The difference between a supply schedule and a supply curve is simply the difference between a list of numbers and a graph showing how those numbers relate to each other. Both tell you something about how much of something producers will make, and neither is terribly good beach reading.
A supply schedule is a chart or table that tells how many "units" of something producers will make based on the current market price of a unit. "Units" is how economists refer to whatever good or service a business actually produces -- lawn mowers, loaves of bread, haircuts, singing telegrams, for example. A simple supply schedule typically has two columns: price and output. For each possible market price, there's a specific number of units that producers can be expected to make -- or, in the case of a service like a haircut, make available by having barbers at the shop, scissors in hand.
Law of Supply
The supply schedule illustrates a fundamental principle of economics: the law of supply. This law says there's a direct relationship between the price of something and the quantity that producers will make available. As prices rise, producers have more incentive to produce more of them. At low prices, the revenue generated by the product may barely exceed its cost (or even fall short). So the higher the price, the higher the profit delivered by each item.
And as companies produce more units, production efficiencies begin to reduce their "marginal cost" -- or the added cost of each additional unit. That, in turn, spurs more production. Of course, supply schedules will also be constrained by demand. If you could sell sandwiches for $1 million apiece, there would be an unlimited supply of sandwiches. But at that price, there would be no demand.
The supply curve is simply the supply schedule plotted on a graph. The graph has two axes. The vertical axis is price. The horizontal axis is output. In general, a supply curve slopes upward, from the lower left -- low price, low output -- to the upper right -- high price, high output. Contrast this with the classic demand curve, which slopes downward from the upper left to the lower right, reflecting how consumers buy more of something when the price is low and less when the price is high.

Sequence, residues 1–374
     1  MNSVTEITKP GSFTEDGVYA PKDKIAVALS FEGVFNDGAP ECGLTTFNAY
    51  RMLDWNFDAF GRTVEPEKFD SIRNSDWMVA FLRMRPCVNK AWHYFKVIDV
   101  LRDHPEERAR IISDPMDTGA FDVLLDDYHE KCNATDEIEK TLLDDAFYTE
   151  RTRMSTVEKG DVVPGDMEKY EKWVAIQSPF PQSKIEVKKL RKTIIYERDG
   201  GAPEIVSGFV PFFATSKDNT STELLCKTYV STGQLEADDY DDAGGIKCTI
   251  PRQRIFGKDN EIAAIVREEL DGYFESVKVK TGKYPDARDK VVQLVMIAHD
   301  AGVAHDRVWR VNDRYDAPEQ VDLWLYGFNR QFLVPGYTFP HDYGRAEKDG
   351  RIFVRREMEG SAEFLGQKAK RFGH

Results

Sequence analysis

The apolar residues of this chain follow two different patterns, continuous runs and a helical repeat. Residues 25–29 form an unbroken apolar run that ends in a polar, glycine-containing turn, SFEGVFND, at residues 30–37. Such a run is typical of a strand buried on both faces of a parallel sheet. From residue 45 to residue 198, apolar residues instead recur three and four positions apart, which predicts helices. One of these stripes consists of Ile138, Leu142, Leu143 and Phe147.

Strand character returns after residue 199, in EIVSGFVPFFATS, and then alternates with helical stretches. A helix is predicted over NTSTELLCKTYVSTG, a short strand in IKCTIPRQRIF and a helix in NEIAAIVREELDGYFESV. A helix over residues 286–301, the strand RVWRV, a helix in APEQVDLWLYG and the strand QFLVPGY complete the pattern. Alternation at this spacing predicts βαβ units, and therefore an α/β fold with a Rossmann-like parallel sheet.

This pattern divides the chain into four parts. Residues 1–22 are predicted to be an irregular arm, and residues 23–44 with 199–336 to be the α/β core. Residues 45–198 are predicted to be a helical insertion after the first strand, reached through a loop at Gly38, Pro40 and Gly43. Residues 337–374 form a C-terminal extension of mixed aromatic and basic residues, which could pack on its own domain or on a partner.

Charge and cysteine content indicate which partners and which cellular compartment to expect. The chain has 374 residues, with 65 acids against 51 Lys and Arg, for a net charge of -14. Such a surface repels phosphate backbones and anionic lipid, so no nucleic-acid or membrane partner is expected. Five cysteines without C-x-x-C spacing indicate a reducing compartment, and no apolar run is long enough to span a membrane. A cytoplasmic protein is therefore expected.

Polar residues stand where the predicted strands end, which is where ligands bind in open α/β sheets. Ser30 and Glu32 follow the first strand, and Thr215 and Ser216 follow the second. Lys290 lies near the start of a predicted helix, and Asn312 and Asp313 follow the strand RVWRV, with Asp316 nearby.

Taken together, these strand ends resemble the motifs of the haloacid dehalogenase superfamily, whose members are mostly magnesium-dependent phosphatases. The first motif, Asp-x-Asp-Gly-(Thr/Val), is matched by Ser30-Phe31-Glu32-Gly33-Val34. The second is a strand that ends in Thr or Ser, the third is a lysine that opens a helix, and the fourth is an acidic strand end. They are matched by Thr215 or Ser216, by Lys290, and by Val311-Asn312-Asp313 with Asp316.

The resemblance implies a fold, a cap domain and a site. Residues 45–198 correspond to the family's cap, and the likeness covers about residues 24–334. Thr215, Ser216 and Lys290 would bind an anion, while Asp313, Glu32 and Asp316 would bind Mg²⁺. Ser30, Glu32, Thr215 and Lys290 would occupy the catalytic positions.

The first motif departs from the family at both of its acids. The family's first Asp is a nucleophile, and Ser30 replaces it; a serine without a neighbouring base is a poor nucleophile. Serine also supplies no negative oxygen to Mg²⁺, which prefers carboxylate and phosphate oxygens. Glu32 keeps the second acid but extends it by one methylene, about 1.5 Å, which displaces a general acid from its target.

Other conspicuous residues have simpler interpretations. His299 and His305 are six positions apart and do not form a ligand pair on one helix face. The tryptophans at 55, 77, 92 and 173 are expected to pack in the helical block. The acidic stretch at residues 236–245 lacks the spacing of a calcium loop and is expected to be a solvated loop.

The point where the supply and demand curves for a product intersect represents "equilibrium," the price at which the number of units consumers want to buy equals the number producers want to make. Next time you're in a store and see stacks and stacks of a particular product going unsold, say to yourself knowingly, "Somebody hasn't found price equilibrium yet."
With both the supply schedule and the supply curve, the number of units producers want to make depends on the market price. It's almost as if the producers themselves don't have the power to set their own prices. Simple supply schedules and curves are predicated on the idea of "perfect competition," meaning that every company making a product faces so much competition from identical products that the market alone sets the price. This is called "price taking."
In the real world -- as opposed to the hypothetical world of textbook economics -- companies are neither purely "price takers" or "price makers." Producers have ways to differentiate their products, and some face little or no competition. When real companies devise their own supply schedules, they have to take many factors into consideration, not solely the price on the shelf.
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